REGIONAL IMPLICATIONS OF THE INTERSTATE HIGHWAY NETWORK IN THE SOUTHEAST. TECHNICAL SERIES NO. 1
The 66,000-mile United States Interstate Highway System now nearing completion does not create a new network of transport access, but rather superimposes new capacity over main links of the existing rail and road system. This research is concerned with the impact of this enhanced accessibility on population redistribution in ten southeastern states, primarily during the 1960's, the decade during which most of the system was constructed, and for which, at this writing, data are most fully available.
- Library of Congress catalog card no. 79-621610.
University of Georgia, AthensCollege of Business Administration
Athens, GA United States 30602
- Kenyon, J B
- Publication Date: 1978-6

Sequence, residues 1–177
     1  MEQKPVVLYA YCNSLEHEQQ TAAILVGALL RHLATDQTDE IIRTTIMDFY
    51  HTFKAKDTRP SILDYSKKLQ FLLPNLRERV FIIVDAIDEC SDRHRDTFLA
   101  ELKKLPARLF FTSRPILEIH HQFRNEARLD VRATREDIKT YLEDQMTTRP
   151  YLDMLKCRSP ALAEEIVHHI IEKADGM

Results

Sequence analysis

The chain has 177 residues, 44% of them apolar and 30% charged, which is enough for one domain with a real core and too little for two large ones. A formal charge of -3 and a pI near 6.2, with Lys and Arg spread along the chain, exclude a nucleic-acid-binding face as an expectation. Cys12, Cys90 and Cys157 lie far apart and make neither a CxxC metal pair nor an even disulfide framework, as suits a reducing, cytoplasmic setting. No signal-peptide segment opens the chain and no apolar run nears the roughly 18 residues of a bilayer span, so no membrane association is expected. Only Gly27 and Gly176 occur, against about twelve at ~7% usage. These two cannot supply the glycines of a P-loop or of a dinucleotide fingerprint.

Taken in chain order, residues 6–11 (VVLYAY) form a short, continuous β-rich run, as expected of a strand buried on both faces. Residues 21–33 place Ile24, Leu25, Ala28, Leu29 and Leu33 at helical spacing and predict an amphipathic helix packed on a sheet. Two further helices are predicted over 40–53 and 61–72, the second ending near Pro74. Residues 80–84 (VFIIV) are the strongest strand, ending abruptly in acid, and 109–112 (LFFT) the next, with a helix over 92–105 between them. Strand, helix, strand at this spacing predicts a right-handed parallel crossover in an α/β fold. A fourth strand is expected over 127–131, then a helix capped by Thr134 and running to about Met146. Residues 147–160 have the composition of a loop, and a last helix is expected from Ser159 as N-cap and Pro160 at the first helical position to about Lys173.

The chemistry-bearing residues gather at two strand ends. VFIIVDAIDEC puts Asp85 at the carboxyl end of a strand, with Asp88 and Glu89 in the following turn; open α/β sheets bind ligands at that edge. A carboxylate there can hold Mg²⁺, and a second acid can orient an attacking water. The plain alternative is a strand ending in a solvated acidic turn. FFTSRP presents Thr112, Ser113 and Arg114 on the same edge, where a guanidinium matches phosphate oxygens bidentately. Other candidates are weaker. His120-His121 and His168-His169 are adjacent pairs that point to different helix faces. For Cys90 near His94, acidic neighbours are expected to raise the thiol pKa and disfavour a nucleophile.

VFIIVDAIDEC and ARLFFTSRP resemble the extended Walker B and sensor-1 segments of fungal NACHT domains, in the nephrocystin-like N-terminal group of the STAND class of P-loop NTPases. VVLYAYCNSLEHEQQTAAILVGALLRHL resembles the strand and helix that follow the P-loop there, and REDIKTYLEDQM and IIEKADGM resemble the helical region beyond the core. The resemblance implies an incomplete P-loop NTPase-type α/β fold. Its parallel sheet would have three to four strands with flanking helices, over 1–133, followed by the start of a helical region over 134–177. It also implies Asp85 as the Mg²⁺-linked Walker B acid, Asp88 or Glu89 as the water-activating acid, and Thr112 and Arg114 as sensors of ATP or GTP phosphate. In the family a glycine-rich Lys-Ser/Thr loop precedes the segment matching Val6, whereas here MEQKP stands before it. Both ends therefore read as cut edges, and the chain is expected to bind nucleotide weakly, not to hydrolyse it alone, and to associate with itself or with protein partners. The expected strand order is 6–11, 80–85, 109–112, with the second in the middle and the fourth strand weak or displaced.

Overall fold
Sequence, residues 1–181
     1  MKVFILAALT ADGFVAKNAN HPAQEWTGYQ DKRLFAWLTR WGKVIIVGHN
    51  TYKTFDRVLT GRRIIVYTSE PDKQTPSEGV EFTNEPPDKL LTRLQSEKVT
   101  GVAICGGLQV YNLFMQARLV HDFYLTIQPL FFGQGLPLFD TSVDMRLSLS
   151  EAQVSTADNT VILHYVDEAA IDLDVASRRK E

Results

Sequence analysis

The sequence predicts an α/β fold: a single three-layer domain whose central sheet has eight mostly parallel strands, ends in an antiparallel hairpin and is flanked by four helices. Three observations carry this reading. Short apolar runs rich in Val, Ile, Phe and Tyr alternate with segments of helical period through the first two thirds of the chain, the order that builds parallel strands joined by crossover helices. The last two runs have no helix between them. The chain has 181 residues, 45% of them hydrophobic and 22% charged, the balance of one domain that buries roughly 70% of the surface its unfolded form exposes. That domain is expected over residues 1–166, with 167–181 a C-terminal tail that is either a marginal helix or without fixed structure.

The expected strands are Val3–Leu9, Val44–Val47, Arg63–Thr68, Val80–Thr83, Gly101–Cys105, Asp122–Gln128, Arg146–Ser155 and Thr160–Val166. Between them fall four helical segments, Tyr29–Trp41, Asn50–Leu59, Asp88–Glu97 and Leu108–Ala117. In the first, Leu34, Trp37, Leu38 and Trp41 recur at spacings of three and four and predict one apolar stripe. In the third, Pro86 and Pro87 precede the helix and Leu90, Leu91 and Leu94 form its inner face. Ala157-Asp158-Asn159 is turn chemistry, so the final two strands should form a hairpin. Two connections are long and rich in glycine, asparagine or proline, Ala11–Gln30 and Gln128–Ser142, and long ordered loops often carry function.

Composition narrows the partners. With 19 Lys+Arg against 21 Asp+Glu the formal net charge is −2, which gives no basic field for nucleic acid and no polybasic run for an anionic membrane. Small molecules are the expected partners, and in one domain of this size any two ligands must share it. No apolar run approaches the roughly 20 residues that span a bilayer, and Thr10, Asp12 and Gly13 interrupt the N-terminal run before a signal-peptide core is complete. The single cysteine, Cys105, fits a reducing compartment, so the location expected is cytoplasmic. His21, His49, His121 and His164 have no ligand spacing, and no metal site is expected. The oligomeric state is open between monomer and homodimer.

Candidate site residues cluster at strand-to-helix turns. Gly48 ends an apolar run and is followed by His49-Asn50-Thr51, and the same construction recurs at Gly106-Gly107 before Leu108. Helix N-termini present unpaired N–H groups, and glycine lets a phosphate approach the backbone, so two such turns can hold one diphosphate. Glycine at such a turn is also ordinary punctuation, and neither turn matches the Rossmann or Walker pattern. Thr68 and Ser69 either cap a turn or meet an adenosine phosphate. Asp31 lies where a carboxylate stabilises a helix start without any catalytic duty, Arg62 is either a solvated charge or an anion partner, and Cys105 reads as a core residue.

- Pagination: 20 p.
- TRT Terms: Competition; Economic development; Highways; Impact studies; Policy; Population growth; Population movements; Regional economics; Regional planning; Regional transportation; Rural areas; Socioeconomic factors; Transportation planning; Urban areas
- Identifier Terms: Interstate Highway System
- Geographic Terms: Atlantic Coast (United States); Southeastern United States
- Old TRIS Terms: Government policies
- Subject Areas: Economics; Environment; Highways; Policy; Railroads; Society; I10: Economics and Administration;
- Accession Number: 00327126
- Record Type: Publication
- Source Agency: National Technical Information Service
- Files: TRIS
- Created Date: Feb 18 1981 12:00AM